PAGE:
Generally, one of the first questions we receive from a prospective client is, “I love this design, how much will it cost me?” As much as we would love to say this is an easy answer, it typically takes 50-100 hours of exploratory effort by a builder AFTER a new home’s design work and blueprints have been completed before an accurate price can be attached to the turnkey budget. That timeline is typically broken down over 1-2 months as the builder does site visits with subcontractors, waits for pricing from suppliers and subcontractors and then once everything is received, compiles your turnkey construction proposal. A floor plan sheet is merely a piece of marketing material to start to understand the initial design preferences of a new customer. There are simply too many unique variables to each property and too many cost considerations depending on personal design and finish preferences to accurately provide pricing without architectural blueprints engineered specific to a client’s build site.
So, how can you determine what is a realistic budget? For decades, realtors have used square footage estimates as a starting point for budgeting, but these estimates are inherently faulty. For example, a very basic, 4 sided, 1500 square foot 2 story home will have a much different completion cost when compared to 1500 sq ft ranch house with multiple bump-outs, rooflines and premium finishes. A 1500 sq ft chalet may seem like the perfect design for your build site, but you have to make sure that you don’t fall into the trap of assuming it’s completion cost is similar to other 1500 sq ft homes. A 1500 sq ft chalet with a cathedral ceiling great room and loft overlook likely has a completion cost similar to an 1800 sq ft cape. How could that be, is the builder just charging a premium, because this a home style with so many desirable features? Reality is a 1500 sq ft chalet is in most cases an 1800 sq ft cape where roughly 300 sq ft of 2nd floor living space potential has been eliminated in favor of the cathedral area. The home’s footprint is the same as the 1800 sq ft cape in terms of excavation costs, foundation size, roof size and overall cubic volume of the home. Yes, we may have eliminated $1500 worth of 2nd floor subfloor and we’re not finishing that 1st floor ceiling area or 2nd floor finished flooring, but we’re still installing a larger furnace, finishing/trimming the ceiling to the peak and likely installing fixed gable glass in the great room which often costs $5k-$10k depending on size, design and number of windows (all of which need to be tempered glass).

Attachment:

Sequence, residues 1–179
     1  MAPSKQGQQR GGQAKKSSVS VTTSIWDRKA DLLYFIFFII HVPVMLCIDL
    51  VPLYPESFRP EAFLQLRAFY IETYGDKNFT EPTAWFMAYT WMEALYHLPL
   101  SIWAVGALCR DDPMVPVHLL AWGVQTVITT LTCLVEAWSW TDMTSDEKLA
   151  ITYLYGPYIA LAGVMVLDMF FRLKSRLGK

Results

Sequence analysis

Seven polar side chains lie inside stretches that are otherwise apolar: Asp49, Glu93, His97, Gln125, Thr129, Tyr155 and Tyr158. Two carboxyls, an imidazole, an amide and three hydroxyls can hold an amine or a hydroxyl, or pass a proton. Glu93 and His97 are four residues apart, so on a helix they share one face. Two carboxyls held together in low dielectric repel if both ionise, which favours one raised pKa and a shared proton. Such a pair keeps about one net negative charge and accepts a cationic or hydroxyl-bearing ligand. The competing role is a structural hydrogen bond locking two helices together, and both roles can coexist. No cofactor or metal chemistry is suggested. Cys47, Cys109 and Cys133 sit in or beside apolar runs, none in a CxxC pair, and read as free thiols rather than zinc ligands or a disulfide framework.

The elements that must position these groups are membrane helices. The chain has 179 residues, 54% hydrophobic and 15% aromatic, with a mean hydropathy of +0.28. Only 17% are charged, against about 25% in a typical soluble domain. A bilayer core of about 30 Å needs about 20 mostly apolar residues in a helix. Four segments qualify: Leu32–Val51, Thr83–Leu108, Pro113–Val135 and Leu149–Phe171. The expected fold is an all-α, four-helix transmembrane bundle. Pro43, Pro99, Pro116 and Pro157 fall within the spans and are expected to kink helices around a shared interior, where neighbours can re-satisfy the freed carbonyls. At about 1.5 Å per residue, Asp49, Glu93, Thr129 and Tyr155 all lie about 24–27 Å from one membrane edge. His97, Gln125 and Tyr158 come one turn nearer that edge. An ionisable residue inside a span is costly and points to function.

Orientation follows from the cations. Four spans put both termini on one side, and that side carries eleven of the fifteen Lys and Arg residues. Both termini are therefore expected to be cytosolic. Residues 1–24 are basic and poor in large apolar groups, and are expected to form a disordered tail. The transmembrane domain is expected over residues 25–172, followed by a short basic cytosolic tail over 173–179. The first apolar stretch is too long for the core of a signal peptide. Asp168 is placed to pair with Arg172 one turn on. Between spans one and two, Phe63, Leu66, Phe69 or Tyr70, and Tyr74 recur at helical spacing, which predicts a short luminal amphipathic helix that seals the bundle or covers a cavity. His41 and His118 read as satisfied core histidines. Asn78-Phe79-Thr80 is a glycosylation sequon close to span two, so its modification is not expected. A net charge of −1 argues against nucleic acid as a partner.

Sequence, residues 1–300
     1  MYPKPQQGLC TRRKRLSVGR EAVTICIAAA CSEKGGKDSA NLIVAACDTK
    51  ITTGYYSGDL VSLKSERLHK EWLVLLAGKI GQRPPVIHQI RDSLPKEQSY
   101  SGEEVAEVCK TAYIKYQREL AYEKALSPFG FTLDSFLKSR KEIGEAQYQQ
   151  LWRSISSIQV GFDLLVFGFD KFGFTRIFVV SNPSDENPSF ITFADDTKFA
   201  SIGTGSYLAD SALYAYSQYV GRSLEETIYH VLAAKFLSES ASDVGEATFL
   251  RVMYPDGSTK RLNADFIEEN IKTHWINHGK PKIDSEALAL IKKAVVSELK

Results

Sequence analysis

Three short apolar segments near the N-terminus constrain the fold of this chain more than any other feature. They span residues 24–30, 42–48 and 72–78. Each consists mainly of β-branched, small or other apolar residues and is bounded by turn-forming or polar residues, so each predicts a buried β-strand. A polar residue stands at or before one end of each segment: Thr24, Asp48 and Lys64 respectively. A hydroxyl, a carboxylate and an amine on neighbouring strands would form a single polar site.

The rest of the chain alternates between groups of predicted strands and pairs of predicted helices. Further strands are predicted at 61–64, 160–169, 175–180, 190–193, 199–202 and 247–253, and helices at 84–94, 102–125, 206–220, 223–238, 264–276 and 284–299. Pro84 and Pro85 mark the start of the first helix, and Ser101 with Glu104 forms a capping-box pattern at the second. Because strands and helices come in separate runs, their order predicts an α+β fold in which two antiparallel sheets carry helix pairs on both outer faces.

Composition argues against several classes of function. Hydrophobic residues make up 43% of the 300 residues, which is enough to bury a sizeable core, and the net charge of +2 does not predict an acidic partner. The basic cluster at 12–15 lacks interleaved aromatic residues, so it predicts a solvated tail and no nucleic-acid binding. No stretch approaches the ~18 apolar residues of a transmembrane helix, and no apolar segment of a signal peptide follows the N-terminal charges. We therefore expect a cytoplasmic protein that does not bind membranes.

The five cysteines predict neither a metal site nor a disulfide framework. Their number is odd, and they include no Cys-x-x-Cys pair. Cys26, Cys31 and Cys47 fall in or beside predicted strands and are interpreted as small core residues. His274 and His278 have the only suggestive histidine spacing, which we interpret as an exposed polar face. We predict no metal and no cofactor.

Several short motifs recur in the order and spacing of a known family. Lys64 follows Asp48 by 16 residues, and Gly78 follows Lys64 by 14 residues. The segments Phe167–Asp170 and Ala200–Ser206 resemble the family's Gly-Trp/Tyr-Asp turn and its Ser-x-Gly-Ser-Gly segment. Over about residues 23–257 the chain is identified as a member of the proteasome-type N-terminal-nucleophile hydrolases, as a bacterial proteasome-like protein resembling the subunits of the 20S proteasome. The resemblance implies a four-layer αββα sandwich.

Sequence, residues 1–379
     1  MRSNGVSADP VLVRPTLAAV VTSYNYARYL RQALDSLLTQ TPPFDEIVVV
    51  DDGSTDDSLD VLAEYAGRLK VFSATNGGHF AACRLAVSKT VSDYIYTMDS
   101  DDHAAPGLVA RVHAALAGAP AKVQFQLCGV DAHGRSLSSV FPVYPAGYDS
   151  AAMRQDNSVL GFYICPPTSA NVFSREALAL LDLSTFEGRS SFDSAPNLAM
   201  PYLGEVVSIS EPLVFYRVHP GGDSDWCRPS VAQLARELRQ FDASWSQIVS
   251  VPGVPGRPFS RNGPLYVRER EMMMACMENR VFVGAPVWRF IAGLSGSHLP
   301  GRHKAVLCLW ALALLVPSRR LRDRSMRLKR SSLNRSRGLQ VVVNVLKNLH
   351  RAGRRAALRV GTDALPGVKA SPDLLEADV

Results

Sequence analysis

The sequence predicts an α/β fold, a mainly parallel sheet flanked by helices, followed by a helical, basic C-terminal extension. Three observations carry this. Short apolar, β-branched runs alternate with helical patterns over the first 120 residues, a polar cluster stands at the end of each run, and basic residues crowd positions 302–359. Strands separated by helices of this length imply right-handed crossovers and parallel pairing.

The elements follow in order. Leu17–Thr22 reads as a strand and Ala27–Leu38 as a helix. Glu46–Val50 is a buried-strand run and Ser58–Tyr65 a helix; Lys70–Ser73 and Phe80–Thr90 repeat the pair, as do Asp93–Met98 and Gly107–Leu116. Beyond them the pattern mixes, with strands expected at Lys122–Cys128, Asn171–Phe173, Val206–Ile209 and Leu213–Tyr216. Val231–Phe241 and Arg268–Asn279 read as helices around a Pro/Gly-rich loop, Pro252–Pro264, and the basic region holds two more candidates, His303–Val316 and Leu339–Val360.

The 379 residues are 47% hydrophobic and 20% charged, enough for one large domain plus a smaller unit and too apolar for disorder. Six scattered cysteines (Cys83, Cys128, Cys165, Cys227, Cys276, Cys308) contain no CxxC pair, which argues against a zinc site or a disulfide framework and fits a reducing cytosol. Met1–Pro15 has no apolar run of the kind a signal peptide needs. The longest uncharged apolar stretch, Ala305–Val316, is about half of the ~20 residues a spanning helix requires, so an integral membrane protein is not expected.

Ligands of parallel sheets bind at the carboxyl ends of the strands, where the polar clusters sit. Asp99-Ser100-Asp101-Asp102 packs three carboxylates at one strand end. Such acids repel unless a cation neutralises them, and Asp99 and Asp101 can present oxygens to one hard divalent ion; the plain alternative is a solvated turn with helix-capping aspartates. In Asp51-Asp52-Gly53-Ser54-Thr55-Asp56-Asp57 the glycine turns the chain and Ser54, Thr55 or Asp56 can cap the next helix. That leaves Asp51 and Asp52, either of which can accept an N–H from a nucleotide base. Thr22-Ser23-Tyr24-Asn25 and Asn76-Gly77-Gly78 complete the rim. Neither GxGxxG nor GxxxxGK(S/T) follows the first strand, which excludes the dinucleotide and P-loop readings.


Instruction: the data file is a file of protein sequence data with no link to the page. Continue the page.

As you can see, even basic design features can have a significant impact on one’s budget. All too often after having a basic budget discussion with a client, we’ll provide them with a square footage range to consider when searching out floor plans and they return a few days later telling me they found 1 or more designs that would fit well with their tastes. It’s never a surprise when they come back with a design that is a 1 story ‘sprawling’ ranch. This is a term we use for a 1 story home that features multiple bump outs and complex rooflines that have tall roof pitches similar to a cape, but favor cathedral ceilings instead of 2nd floor living space. Then we get to the non-living space extras- attached garage (sometimes with living space above), screened in porches, decks, walkout-style basements, custom fireplaces, 9’ or taller walls, etc. Basically, the customer has selected a beautiful, feature rich home- a ‘luxury’ design, but have made the assumption that they can afford this home style, simply because the square footage aligns with the estimator provided.